A petition to undertake Independent Study, available on the Advising Programs Office Website requires two signatures:

The petition also requires an outline of the student’s proposed project. It must be submitted to the Allston Burr Resident Dean for approval, ordinarily in the first week of the term. In addition, the Allston Burr Resident Dean must sign the appropriate space on the study card. Any change-of-course petition that is filed to add, drop, or withdraw from Independent Study also requires the signature of the Allston Burr Resident Dean. A separate petition, properly completed, must be filed for each half-course of Independent Study.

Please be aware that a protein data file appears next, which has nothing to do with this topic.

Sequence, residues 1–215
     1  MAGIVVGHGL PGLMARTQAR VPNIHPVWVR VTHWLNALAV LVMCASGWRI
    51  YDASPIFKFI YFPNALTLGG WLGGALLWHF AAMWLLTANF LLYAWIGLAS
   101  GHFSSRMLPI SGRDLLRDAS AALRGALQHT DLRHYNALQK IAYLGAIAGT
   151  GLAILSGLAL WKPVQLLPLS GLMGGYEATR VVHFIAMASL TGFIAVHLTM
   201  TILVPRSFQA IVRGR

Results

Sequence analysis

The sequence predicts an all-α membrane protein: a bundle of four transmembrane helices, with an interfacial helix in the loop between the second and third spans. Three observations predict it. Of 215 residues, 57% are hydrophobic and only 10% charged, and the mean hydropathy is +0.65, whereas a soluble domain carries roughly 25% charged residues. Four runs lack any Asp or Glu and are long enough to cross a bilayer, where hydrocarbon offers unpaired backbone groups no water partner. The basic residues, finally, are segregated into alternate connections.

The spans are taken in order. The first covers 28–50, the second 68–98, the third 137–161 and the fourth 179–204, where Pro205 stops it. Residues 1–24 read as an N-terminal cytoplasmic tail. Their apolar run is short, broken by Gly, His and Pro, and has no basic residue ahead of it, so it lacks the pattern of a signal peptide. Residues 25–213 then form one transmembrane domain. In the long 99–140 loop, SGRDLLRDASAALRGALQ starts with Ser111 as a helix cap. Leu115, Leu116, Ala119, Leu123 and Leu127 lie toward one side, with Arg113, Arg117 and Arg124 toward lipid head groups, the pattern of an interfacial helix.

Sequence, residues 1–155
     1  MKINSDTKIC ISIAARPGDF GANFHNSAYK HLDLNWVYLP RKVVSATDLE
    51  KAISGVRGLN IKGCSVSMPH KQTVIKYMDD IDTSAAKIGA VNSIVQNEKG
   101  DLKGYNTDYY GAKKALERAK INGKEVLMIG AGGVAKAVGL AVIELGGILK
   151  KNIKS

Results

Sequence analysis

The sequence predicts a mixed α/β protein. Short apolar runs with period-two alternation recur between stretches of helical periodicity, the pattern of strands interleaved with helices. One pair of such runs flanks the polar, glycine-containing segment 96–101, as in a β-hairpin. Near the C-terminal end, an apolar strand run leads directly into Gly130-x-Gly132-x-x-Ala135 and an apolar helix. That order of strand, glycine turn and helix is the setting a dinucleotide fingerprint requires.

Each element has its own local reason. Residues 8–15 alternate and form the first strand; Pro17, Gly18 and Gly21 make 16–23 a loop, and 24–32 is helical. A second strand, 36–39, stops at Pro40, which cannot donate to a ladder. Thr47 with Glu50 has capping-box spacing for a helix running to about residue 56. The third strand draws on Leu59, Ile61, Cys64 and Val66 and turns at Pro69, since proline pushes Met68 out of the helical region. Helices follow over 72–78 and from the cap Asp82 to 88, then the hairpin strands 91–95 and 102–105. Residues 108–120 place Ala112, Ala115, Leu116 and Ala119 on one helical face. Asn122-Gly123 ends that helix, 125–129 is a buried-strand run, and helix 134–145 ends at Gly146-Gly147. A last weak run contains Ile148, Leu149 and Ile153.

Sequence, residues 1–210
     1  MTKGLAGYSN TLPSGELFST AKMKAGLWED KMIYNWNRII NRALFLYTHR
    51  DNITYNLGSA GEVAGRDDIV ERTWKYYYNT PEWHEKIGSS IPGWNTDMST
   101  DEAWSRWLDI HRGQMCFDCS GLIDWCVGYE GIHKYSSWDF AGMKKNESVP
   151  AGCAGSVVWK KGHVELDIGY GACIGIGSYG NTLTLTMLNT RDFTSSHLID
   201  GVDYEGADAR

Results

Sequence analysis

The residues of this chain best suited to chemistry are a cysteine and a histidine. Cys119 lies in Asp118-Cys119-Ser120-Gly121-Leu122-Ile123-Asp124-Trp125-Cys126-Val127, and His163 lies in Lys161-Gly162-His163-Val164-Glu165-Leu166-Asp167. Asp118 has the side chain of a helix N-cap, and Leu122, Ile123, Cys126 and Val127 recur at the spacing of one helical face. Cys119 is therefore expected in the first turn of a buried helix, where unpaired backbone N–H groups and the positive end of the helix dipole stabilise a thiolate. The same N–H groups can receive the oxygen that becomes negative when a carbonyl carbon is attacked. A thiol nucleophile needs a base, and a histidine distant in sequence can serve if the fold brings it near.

The adviser will assist the student in the development of a plan for Independent Study and provide guidance but not regular instruction. Independent Study does not imply regular formal instruction and should not be confused with tutorials or House Seminars or Supervised Reading and Research courses offered by several academic departments and committees. A student enrolled in Independent Study must undertake to work independently. Classroom work, regular instruction, and group projects are inadmissible. Students whose projects include interviews or research involving human subjects should contact the Committee on the Use of Human Subjects before submitting their Independent Study petition.